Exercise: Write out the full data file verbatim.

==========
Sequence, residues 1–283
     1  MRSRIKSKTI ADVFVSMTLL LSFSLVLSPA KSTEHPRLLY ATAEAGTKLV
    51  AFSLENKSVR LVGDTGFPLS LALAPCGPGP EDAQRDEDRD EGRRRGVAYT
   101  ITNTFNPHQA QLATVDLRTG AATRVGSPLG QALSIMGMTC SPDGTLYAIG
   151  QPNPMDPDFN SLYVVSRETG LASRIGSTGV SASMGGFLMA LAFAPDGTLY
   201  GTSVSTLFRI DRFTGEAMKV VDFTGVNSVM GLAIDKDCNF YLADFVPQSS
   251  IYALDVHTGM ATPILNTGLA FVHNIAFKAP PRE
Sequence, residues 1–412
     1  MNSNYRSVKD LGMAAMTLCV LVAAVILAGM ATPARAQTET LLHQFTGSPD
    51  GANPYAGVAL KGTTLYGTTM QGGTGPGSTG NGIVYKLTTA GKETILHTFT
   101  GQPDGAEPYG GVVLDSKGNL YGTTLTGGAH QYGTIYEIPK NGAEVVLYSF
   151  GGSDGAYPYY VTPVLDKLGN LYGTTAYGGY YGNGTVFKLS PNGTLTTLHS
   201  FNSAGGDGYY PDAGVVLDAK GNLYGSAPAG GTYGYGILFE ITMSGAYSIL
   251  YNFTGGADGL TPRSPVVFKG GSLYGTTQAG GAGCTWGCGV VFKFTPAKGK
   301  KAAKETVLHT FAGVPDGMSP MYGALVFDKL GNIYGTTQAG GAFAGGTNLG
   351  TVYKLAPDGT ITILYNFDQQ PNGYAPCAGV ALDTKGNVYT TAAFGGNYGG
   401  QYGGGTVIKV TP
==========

Sequence, residues 1–283
     1  MRSRIKSKTI ADVFVSMTLL LSFSLVLSPA KSTEHPRLLY ATAEAGTKLV
    51  AFSLENKSVR LVGDTGFPLS LALAPCGPGP EDAQRDEDRD EGRRRGVAYT
   101  ITNTFNPHQA QLATVDLRTG AATRVGSPLG QALSIMGMTC SPDGTLYAIG
   151  QPNPMDPDFN SLYVVSRETG LASRIGSTGV SASMGGFLMA LAFAPDGTLY
   201  GTSVSTLFRI DRFTGEAMKV VDFTGVNSVM GLAIDKDCNF YLADFVPQSS
   251  IYALDVHTGM ATPILNTGLA FVHNIAFKAP PRE
Sequence, residues 1–412
     1  MNSNYRSVKD LGMAAMTLCV LVAAVILAGM ATPARAQTET LLHQFTGSPD
    51  GANPYAGVAL KGTTLYGTTM QGGTGPGSTG NGIVYKLTTA GKETILHTFT
   101  GQPDGAEPYG GVVLDSKGNL YGTTLTGGAH QYGTIYEIPK NGAEVVLYSF
   151  GGSDGAYPYY VTPVLDKLGN LYGTTAYGGY YGNGTVFKLS PNGTLTTLHS
   201  FNSAGGDGYY PDAGVVLDAK GNLYGSAPAG GTYGYGILFE ITMSGAYSIL
   251  YNFTGGADGL TPRSPVVFKG GSLYGTTQAG GAGCTWGCGV VFKFTPAKGK
   301  KAAKETVLHT FAGVPDGMSP MYGALVFDKL GNIYGTTQAG GAFAGGTNLG
   351  TVYKLAPDGT ITILYNFDQQ PNGYAPCAGV ALDTKGNVYT TAAFGGNYGG
   401  QYGGGTVIKV TP